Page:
A while ago I dabbled in implementing gravity for an iPhone game using box2d. The following will help shed some light on how the gravity works and how to code for it.

A few things beforehand about my specs and notes:

  • Xcode 4.01
  • cocos2d-iphone v1.0.0-rc
  • box2d (not sure which version but it shipped with cocos2d-iphone mentioned above)
  • I’ve gone and created a box-2d cocos2d-iphone project
  • This tutorial is only really useful if you want to change the direction of gravity for a fixed orientation image

First things first… the basics. box2d in a nutshell will take a whole lot of object you place onto the world and apply physics to those objects, that’s it. It is your physics engine. It creates the objects, give them physical qualities (density, bounciness, mass, etc).

You define your screen orientation within AppDelegate.mm file. This has a HUGE (note the capital letter, this means it is important!) impact on how gravity works in your app.

The following line is where it all begins

[director setDeviceOrientation:kCCDeviceOrientationPortraitUpsideDown];

Let’s set a baseline for a box2d world. Hold the device so the home button (the circle one) is at the bottom and front camera are at the top. This is called ‘kCCDeviceOrientationPortrait’.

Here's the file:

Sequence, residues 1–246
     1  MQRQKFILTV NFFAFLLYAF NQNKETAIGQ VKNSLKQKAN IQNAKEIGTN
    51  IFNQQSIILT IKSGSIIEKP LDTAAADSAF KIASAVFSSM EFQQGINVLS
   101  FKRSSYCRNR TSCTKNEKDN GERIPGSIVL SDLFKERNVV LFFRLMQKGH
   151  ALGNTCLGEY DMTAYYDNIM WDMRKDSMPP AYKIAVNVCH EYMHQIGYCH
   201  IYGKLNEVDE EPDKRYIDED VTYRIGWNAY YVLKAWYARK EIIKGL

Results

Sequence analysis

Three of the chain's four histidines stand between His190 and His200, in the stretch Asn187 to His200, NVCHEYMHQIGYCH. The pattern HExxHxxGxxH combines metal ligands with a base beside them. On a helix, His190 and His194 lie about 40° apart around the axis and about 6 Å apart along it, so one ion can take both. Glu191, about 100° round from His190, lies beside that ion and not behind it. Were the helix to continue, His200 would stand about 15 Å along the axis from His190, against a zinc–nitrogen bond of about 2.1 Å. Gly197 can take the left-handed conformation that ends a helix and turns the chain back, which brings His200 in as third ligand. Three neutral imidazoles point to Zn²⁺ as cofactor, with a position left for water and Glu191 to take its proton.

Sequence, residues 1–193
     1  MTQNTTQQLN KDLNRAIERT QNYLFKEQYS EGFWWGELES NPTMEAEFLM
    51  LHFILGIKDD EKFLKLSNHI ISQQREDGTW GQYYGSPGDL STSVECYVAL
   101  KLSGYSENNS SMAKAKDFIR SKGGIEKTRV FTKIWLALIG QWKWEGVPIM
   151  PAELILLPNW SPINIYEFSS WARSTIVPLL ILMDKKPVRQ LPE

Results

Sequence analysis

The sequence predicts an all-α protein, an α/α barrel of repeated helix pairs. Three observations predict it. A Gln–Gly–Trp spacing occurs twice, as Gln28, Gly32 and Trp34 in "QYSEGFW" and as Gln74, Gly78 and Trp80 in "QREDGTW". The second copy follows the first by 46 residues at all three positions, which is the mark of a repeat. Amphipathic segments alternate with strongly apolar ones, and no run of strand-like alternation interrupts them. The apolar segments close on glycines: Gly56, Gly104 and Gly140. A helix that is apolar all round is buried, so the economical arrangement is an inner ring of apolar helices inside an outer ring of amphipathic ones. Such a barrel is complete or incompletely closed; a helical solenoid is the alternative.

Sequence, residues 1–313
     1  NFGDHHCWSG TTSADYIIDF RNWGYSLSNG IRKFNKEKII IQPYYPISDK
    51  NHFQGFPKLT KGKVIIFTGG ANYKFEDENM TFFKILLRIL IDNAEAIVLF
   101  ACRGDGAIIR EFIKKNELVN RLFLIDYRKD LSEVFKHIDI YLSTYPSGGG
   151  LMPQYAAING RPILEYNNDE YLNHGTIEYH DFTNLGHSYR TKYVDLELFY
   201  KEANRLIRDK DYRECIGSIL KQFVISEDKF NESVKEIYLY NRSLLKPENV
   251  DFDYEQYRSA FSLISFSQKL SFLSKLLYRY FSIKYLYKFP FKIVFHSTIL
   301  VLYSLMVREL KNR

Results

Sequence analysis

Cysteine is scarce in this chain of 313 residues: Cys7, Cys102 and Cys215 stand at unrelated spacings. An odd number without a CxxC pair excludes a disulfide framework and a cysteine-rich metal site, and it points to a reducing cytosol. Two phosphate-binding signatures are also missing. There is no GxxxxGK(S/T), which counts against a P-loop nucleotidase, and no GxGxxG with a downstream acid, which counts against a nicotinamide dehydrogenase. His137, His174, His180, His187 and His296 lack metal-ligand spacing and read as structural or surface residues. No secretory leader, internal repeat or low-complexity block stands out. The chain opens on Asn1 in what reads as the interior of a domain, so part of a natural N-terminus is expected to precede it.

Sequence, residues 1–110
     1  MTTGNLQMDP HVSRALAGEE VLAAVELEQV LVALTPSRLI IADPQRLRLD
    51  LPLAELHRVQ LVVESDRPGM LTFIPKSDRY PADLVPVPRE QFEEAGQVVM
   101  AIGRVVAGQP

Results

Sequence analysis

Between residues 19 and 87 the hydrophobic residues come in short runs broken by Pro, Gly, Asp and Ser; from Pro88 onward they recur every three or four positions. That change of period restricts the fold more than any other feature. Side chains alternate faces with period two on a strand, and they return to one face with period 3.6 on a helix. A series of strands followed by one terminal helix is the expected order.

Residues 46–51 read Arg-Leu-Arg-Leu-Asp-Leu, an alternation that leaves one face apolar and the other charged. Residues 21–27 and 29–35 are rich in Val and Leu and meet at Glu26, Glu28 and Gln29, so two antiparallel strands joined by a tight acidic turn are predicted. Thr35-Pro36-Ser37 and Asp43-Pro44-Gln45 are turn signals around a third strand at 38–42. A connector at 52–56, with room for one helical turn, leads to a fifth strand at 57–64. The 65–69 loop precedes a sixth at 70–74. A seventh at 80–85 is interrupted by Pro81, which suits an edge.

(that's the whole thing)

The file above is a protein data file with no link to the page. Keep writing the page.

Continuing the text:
We have four different orienations we concern ourselves with (I will refer to these as orientation 1 - 4 from now on)

  1. kCCDeviceOrientationPortrait
  2. kCCDeviceOrientationPortraitUpsideDown
  3. kCCDeviceOrientationLandscapeLeft
  4. kCCDeviceOrientationLandscapeRight

I’m going to come back to this shortly, the next thing we need to cover is how to apply gravity to a world.

Look at the accelerometer method (see below)

- (void) accelerometer:(UIAccelerometer *)accelerometer didAccelerate:(UIAcceleration *)acceleration {
	float accelX =  (float)acceleration.x * 10.0f;
	float accelY =  (float)acceleration.y * 10.0f;
	b2Vec2 gravity(accelX, accelY);

The accelerometer’s acceleration object will give us our x and y acceleration in a range from -1 to 1. box2d needs them to be from -10 to 10 (it can be more but for this example let’s just stick to a relativly close value for our actual gravity of 9.8).

For orientation 1 we will be using positive values for both x and y. Below are the different values you need to use for each orientation mentioned above.

  1. x, y
  2. -x, -y
  3. -y, x
  4. y, -x

You would want to write a switch statement and test against the current device orientation. As this tutorial is only for a fixed orientation I haven’t gone into any further detail.

Hopefully with this tutorial you will be able to change the direction of gravity based on a fixed orientation. If there is anything you think should be added please leave a comment.